The Anglican Church ( Biography.com Editors ) Essay

The Anglican Church ( Biography.com Editors ) Essay

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However, before Swift published any famous works, he made a significant personal decision about how he would live the rest of his days. Swift chose to apply for priesthood in the Anglican Church (Biography.com Editors) in 1694. After writing a short letter, he successfully obtained the role in October that year (Damrosch, 71-72). Despite this, Swift could not find any pathways to advance higher up into the church ranks. Instead of being lazy or slothful, Swift spent the years of 1696 to 1698 self-educating himself over history, literature, and languages. His actions provided him with more nourishment to his mind, and further enhanced his writing capabilities (Damrosch, 79-82).
Equipped with knowledge achieved through hard work, Swift set out on his second career: to be a famous poet, not a novelist. Unfortunately, nearly all of his early poems were poor in quality. An extremely discouraging blow to his career came from a professional poet named John Dryden, whom some sources claim discouraged Swift from ever becoming a full-time poet. Instead of quitting on all writing, Swift persevered to become a fantastic satirist – not in poems, but in novels and writings (Damrosch, 82-86).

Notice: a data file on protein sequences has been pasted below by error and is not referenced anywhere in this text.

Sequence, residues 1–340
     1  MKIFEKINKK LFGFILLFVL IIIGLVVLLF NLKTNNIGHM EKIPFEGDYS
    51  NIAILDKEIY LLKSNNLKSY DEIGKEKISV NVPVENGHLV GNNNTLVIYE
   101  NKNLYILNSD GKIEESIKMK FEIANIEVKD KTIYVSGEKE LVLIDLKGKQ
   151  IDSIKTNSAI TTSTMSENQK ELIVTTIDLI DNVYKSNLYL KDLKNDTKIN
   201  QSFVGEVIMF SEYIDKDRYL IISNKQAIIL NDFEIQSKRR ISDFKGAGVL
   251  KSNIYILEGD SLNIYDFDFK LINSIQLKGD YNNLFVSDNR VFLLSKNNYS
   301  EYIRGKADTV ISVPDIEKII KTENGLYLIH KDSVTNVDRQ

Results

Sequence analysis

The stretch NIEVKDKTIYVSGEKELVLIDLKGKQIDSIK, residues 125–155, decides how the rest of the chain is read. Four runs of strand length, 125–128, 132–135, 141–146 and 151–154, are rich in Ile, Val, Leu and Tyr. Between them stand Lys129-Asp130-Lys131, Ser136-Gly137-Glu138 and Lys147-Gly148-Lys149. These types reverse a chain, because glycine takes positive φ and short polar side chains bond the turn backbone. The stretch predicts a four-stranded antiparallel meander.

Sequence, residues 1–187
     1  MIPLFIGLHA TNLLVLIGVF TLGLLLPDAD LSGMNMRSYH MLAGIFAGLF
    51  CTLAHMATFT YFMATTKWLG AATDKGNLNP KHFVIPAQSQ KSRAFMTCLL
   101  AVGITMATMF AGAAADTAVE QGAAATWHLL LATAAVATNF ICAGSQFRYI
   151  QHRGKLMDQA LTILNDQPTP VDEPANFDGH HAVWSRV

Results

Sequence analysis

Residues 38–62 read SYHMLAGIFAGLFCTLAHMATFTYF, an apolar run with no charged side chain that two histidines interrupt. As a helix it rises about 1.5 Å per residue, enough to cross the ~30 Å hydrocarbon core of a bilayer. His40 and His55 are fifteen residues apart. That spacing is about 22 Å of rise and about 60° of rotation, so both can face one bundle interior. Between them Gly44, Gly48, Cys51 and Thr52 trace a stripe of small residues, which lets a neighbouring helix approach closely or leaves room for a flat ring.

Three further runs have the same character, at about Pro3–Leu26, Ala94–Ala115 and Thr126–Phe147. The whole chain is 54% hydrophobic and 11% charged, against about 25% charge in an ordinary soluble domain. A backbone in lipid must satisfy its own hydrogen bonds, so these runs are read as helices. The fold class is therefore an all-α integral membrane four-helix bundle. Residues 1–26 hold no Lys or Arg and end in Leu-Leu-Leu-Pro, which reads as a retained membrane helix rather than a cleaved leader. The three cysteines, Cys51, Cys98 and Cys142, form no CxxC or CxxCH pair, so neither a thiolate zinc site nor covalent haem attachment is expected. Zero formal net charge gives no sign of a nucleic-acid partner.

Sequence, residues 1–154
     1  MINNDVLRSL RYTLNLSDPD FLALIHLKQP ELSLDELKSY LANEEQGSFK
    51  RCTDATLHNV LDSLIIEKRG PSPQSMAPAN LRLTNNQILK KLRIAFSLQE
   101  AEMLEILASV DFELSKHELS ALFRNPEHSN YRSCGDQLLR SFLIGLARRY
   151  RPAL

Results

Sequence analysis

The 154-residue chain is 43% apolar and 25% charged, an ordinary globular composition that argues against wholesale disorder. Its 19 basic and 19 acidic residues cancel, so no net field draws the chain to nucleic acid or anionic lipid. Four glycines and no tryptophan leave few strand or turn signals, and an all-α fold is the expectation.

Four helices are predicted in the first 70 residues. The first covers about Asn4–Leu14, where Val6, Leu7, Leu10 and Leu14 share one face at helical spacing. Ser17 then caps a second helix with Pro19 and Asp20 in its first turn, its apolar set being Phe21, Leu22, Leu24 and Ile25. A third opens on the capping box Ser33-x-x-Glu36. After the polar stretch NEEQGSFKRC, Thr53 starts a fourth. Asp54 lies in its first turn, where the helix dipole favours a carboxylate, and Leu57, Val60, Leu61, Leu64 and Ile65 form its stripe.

As Swift would constantly discover, nothing he set out to do finished easily for him. When Sir William Temple passed away in 1699, his family informed Swift that his next job would have much lower pay and standing. Out of respect to the Temple family, Swift accepted his new role as the Earl of Berkeley. However, after making the arduous journey to the city, he discovered the job had already been taken! One could understand his frustration and disappointment in time wasted and hopes spoiled. Instead of letting this circumstance depress him, Swift quickly ...


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...mphlets, it contained amusing wit and humor that entertained the reader once again (Damrosch, 418).
Because of a brutal famine and winter in 1728 to 1729, many Irishmen either died or suffered from starvation. How could those unfortunate circumstances be reversed? A Modest Proposal offered an absurd and ludicrous solution to the matter: if unintentional infanticide was unavoidable, why not make it profitable? Swift argued that cooking children would provide delicious meals to the starving and be equitable (Damrosch, 417-419).
While the prospect of his argument appears as insanity to the modern viewer, Swift wrote his pamphlet so well that he fooled some into irrational anger. Shockingly, few did not realize the satirical nature of the pamphlet and argued that Swift was a madman. This demonstrated the power of Swift’s writing to the people of his day (Damrosch, 419).

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